Variations on a Theme of Frank Bridge, Op.10
Horn Concerto No.2 in E flat
Symphony No.5 in D minor, Op.47
Richard Watkins (horn)
Sir Mark Elder
Reviewed by: Helen Pearce
Reviewed: 24 September, 2009
Venue: Bridgewater Hall, Manchester
Richard Strauss’s Horn Concerto No.2 transported us from the playfulness of the 24-year-old Britten to a composer approaching his 79th-year in Nazi-ridden Austria, and seeking both refuge and inspiration in the music of his youth. Richard Watkins perfectly captured the nostalgic lyricism which characterises much of the work. Elder remained unobtrusive during the second movement, allowing for some sensitive ensemble playing in the conversational exchanges between horn and woodwinds. The finale, with its rapid broken chords, gave Watkins ample opportunity to show off his technical brilliance, at little expense to the richness of his tone. Indeed, if compelled to find fault, it would be levelled not at his playing but rather the relentless fidgeting to which he resorted in his bars of rest. Fortunate, then, that Strauss gives the soloist little opportunity for respite – a fact that seemed not to trouble Watkins, who demonstrated impeccable breath-control throughout.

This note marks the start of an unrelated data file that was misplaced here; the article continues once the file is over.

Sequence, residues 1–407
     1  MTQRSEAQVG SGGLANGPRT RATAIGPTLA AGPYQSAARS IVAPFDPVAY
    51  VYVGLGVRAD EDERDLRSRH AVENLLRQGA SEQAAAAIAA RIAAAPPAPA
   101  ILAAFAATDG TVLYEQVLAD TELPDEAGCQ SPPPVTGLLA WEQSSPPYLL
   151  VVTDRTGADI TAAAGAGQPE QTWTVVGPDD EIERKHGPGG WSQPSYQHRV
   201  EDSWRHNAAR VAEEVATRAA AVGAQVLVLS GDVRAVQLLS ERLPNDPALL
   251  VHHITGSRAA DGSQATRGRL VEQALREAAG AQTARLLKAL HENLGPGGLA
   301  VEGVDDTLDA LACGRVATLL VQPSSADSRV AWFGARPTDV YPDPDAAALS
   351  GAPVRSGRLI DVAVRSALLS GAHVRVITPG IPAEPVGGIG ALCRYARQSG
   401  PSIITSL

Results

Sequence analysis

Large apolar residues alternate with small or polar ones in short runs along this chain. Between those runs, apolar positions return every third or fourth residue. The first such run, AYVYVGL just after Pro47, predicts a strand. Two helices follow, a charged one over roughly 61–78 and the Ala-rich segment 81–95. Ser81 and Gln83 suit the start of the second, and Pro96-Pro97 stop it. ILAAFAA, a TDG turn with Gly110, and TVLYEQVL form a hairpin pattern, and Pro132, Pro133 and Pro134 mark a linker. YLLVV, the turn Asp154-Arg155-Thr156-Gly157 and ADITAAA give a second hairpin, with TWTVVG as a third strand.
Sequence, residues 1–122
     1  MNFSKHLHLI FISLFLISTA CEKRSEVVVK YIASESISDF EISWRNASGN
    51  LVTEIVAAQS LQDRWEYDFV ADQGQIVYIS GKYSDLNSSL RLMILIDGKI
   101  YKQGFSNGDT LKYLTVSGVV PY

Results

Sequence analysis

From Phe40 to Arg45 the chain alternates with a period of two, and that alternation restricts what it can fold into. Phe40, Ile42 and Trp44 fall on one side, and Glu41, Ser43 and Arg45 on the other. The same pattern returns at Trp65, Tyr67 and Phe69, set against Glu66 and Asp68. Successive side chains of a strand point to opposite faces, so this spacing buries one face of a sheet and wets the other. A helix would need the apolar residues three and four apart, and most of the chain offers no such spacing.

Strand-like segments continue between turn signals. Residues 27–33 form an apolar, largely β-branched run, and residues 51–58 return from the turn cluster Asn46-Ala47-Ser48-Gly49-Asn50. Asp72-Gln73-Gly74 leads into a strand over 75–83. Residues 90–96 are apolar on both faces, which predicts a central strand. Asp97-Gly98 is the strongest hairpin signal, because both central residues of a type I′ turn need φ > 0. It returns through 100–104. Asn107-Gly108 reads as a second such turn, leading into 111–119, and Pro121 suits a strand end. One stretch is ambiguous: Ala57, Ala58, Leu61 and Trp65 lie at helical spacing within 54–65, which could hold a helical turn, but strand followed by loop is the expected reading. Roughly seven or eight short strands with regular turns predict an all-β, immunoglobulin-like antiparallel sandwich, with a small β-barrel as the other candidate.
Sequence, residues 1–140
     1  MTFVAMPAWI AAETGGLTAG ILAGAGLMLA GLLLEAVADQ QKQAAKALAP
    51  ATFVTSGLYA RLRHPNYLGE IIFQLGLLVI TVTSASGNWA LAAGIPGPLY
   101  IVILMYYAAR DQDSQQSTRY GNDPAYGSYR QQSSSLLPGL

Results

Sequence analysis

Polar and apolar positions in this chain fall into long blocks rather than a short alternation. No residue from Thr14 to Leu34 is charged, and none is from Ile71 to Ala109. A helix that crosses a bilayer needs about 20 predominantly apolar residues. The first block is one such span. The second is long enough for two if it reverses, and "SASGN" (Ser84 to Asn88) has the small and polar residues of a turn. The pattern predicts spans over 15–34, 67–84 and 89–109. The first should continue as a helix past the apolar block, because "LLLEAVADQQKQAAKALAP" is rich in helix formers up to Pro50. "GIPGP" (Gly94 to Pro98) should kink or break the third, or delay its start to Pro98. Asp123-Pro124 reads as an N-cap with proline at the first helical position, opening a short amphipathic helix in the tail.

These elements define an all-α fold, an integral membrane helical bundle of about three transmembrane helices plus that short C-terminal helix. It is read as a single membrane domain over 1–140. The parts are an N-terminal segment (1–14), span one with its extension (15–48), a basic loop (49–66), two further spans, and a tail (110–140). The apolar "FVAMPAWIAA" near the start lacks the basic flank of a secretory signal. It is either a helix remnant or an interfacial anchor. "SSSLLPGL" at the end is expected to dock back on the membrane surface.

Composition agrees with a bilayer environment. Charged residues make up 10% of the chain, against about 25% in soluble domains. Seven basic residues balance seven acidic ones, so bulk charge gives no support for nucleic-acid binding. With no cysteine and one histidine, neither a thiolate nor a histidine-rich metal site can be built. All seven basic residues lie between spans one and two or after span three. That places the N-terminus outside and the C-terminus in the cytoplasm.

Elder’s informative preamble to Shostakovich’s Fifth Symphony described a lesser-known feature of the work; the plethora of discreet references to Bizet’s “Carmen”, inspired by his passionate affair with Elena Konstantinovskaya (who had since married Roman Karmen).
Not prepared to ride on the popular appeal of this symphony, Elder tacked the work with a freshness that stood in stark contrast to the Hallé’s capable but somewhat tired rendition of the same work under André de Ridder last year. The strings, initially rather too polite, became a force to be reckoned with during some magnificent climaxes, skilfully navigated by Elder. In the delightfully quirky scherzo, the striking juxtaposition of playful motifs and aggressive, fortissimo passages was exploited to the full. A passionately-felt Largo, brimming with tension, gave way to an unbridled explosion of energy in the fourth movement. This power was often given extra body by an unusually prominent double bass section, joining the timpani to imposingly line the back of the stage. Taken at a steady tempo, the infamous coda maintained its emotionally-draining intensity to the very end. A personal triumph for Shostakovich, then, who succeeded in asserting the dominance of his own voice in spite of the constraints of Socialist Realism, and here, a triumph for the Hallé.